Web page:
<img src="//bat.bing.com/action/0?ti=5163419&amp;Ver=2" height="0" width="0" style="display:none; visibility: hidden;">

Nextech Blog

ICD-10 for Thanksgiving: America's Most Dangerous Holiday

Posted On 11/25/2019 by Nathan Brown

Thanksgiving is upon us once more… and you probably have no idea how much danger we are all in.

Thanksgiving is not just a day that gives us an excuse to stuff our faces until we fall into a food coma (though it is most definitely that, as well), but it is also America's most dangerous holiday. That’s not a joke. Most people see it as a perfectly harmless “Turkey Day,” but Thanksgiving actually has a casualty rate that’s higher than any other observed national holiday, including the Fourth of July and even New Year’s Eve. So, there you have it… now you have something new and unexpected to be terrified about!

It is in observance of this, our most dangerous of holidays, that we offer this blog of ICD-10 codes, just in case our readers might need a refresher on coding the aftermath of injuries that occur when the festivities get a little out of hand for your patients.

V89.2XXA – Person injured in unspecified motor vehicle accident, traffic, initial encounter

Before people even get to where they are going, they are in danger. A large majority of people drive to their Thanksgiving destinations, and this year traffic is expected to be the heaviest it’s been in over a decade. This holiday often sees a high number of traffic accidents, and this year will likely be no exception.

W61.42; W61.43 – Struck by turkey; Pecked by turkey

If you are one of those people who prefer the “old school” method for obtaining a turkey, this code is just for you. Because sometimes you may bite into a turkey, but there are also times when a turkey bites you back. But when that happens, have no fear, because ICD-10 has got you covered.

via GIPHY

Z63.1 – Problems in relationship with in-laws

Does this one really need an explanation?

S39.92XS – Unspecified injury of the lower back

With all that bending down to pull heavy pans of turkey and other heavy foods from ovens, it is only a matter of time before Nana throws out her back. And then who’s going to finish cooking all the food? You?

X10.2XXA – Contact with fats and cooking oils, initial encounter

It happens every year. Every. Single. Year. No matter how many times people are warned about it, every Thanksgiving someone sticks a partially frozen turkey into a deep fat fryer and WHOOSH! Flash boil sends hot grease flying in all directions and likely starts a huge grease fire that sets the whole area ablaze. So, use this code for patients who are lucky enough (can you call it lucky?) to get away from it with only a few grease burns.

W40.1; W40.9 – Explosion of explosive gases; Explosion of unspecified explosive materials

In a continuation of the previous scenario, W40.9 can be applied to injuries from an explosion caused by frozen turkey being placed into a fryer. However, turkey fryer fails aren’t the only explosive thanksgiving dangers. Improper use of gas fueled appliances, such as stoves or ovens, also cause a lot of these thanksgiving explosions and house fires (but for these use W40.1, because it is specifically for gas explosions). Perhaps it should not come as a shock that Thanksgiving Day is the number one day for housefires in the U.S.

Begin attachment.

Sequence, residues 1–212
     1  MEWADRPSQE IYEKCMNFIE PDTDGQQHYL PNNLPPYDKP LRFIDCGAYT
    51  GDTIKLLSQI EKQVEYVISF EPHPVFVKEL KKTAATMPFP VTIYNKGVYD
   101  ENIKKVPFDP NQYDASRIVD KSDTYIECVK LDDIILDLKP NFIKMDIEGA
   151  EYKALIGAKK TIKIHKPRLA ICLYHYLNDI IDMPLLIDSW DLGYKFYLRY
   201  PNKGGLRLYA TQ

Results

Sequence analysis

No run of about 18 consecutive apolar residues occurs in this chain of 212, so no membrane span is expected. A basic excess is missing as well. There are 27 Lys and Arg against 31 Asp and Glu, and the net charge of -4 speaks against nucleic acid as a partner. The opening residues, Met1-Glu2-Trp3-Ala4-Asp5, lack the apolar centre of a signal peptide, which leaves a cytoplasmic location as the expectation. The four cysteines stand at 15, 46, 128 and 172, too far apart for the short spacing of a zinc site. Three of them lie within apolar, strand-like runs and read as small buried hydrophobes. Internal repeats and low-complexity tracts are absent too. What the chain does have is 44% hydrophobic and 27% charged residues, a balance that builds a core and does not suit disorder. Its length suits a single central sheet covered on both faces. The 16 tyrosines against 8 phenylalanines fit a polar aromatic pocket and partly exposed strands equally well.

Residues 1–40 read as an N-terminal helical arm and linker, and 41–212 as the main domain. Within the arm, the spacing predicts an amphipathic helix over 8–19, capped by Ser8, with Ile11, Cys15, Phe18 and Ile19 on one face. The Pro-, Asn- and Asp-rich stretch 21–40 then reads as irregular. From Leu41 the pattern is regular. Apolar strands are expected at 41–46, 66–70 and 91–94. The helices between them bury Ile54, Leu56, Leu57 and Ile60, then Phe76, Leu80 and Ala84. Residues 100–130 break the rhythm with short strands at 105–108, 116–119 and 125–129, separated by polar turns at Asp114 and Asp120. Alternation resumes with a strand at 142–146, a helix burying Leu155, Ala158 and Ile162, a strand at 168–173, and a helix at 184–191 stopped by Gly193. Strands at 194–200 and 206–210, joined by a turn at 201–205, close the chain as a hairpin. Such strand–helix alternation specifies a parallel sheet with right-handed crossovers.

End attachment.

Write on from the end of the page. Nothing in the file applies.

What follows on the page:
W26.0XXA – Contact with knife, initial encounter

Because turkey carving is an art form… and apparently it can be rather dangerous if you have no idea what you are doing.

A02.9 – Salmonella infection, unspecified

Some readers may remember the widespread salmonella outbreak that occurred over last year’s Thanksgiving holiday. This is why proper handling and thorough preparation are so important when it comes to turkey. Because if you do not respect the bird, the bird will not respect you… and then it will give you and your entire family food poisoning.

via GIPHY

BLACK FRIDAY: THE TERROR CONTINUES

Even after surviving all the dangers of Thanksgiving, many people are willing to risk further harm by braving the madness of Black Friday, which (frighteningly enough) actually has a death count all its own. Luckily, ICD-10 has all the codes you need in order to treat those who are injured during all the carnage.

W03 – Fall due to non-transport collision with another person

W52.XXXA – Crushed, pushed, or stepped on by crowd or human stampede, initial encounter

Y04.0XXA – Assault by unarmed brawl or fight, initial encounter

S05.1 – Contusion of eyeball and orbital tissues

via GIPHY

So, if anyone reading this is planning to do the Black Friday thing…. GOOD LUCK! We hope you survive all those amazing deals and make it back home in one piece!

There you have it, folks! Whether it’s a fryer failure, an exploding gas oven, an electric-carving-knife-severed finger, food poisoning or a fight over the last TV on sale, ICD-10 has all the codes you need to treat the casualties of America’s most dangerous holiday.

Everybody try to stay safe out there!

(on second thought, maybe just stay home this year... it’s safer)

Topics ICD-10, Holiday

Nathan Brown

Nextech's Sr. Content Writer